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It is well-known that the demand for psychiatric care in the US is higher than the supply of psychiatric clinical providers. Vermont, in particular, has a paucity of psychiatric providers and there are minimal providers in Chittenden County and the greater Burlington area. Many patients with psychiatric conditions are inconsistently managed given the lack of available outpatient providers, particularly for patients on Medicaid. Often times, patients suffer from psychiatric episodes that require an emergency department visit or inpatient stay, and they may leave the hospital with an outpatient medication regimen that can then be carried out by a primary care provider. Patients should not have to endure a psychotic episode bringing them into the hospital in order to receive appropriate psychiatric care. A possible solution to this gap in care would be for primary care providers to be armed with the knowledge and skills to appropriately and sustainably manage psychiatric conditions on an outpatient level. Tools to summarize the evidence and current guidelines around prescribing, testing, surveillance, and other drug-related parameters may enable providers to quickly assess the recommendations during a busy clinical day, especially if such tools were consistently updated and embedded into the electronic medical record. This project focuses on management of mood disorders in the outpatient family medicine clinic; a "one-pager" table summarizing guidelines around commonly prescribed mood stabilizers in the setting of bipolar disorder was created and displayed in the Hinesburg Family Medicine clinic.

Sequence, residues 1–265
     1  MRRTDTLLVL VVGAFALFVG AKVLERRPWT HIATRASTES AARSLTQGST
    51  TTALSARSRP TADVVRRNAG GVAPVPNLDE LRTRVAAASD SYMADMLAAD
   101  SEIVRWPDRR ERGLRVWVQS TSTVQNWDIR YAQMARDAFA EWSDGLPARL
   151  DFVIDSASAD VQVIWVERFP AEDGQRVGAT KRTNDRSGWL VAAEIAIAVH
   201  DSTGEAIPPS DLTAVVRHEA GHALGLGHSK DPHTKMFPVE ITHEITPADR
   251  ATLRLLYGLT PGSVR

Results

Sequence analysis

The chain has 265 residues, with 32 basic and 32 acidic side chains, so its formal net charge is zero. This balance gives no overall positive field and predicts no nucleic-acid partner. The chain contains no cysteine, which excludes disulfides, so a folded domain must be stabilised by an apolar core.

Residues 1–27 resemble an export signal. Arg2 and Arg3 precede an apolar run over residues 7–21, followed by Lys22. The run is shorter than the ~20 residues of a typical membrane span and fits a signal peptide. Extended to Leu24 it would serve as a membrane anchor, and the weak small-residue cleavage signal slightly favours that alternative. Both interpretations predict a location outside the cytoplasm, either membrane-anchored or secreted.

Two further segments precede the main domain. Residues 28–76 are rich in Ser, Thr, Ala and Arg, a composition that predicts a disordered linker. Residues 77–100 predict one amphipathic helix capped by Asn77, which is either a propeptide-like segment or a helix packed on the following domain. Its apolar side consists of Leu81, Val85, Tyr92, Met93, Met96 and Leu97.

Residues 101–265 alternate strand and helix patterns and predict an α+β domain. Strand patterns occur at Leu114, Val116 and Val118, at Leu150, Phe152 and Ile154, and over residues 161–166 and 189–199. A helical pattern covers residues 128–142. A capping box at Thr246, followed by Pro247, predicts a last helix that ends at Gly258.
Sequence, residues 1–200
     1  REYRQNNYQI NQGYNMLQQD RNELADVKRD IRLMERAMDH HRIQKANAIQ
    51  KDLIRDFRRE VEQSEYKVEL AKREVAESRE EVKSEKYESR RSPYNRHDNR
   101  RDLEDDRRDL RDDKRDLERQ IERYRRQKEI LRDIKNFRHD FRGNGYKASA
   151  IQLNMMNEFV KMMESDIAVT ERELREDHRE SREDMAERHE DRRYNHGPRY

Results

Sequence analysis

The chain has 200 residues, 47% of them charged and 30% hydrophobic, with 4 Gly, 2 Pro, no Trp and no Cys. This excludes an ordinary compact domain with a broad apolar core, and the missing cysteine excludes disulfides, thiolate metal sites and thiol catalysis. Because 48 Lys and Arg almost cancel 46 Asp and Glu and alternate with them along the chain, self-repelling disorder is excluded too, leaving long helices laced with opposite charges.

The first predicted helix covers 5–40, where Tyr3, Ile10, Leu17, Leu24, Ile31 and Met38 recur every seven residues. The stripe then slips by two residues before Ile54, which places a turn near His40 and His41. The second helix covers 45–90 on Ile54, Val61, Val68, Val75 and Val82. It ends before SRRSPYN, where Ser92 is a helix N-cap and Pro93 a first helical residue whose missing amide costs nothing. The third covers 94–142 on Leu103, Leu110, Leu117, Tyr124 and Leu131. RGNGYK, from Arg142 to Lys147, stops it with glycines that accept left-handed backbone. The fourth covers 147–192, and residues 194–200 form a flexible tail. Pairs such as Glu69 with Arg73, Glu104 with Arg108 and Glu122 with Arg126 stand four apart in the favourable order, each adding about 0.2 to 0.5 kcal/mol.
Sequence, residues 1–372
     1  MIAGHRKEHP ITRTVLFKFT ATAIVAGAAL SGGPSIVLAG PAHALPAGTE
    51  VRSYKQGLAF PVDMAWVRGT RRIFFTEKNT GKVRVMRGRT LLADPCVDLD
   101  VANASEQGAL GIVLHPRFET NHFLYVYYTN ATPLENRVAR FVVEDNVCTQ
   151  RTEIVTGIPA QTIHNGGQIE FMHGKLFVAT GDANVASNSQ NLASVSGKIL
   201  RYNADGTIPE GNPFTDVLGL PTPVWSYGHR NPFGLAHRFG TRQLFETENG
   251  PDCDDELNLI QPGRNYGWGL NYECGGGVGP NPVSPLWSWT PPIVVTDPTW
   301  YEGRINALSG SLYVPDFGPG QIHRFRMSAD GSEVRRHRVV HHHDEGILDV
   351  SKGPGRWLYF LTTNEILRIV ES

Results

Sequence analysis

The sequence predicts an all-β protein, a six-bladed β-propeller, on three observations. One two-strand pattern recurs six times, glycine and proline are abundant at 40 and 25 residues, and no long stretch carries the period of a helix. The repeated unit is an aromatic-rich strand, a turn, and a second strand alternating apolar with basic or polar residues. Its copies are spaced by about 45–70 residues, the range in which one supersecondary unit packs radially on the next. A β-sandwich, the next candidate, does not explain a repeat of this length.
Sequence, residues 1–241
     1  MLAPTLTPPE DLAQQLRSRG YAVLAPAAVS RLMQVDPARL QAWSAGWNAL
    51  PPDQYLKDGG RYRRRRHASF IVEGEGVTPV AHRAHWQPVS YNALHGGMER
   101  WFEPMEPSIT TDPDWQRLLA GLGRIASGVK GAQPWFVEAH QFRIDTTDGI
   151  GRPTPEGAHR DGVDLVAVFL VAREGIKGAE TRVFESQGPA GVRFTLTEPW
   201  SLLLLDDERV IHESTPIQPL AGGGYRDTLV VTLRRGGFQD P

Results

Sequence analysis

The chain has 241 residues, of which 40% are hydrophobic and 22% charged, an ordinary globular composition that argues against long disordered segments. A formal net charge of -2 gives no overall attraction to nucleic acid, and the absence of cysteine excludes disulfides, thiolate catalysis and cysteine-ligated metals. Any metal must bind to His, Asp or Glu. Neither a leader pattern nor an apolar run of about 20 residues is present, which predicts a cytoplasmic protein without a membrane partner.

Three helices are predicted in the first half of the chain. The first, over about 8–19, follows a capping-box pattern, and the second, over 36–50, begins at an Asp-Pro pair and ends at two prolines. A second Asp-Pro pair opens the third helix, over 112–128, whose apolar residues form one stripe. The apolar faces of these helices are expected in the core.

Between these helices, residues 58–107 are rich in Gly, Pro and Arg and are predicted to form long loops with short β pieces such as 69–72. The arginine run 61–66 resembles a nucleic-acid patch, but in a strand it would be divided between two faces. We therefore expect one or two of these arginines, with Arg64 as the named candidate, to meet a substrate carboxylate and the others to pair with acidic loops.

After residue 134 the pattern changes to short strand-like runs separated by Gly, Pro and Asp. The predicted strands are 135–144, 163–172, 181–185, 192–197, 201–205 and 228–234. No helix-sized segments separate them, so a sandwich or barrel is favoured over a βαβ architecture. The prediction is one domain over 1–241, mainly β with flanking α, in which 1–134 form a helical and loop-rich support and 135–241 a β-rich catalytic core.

Clinical Site

Hinesburg Family Medicine

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This work is licensed under a Creative Commons Attribution 4.0 License.


Medical Education | Primary Care

Outpatient management of mood disorders by the family physician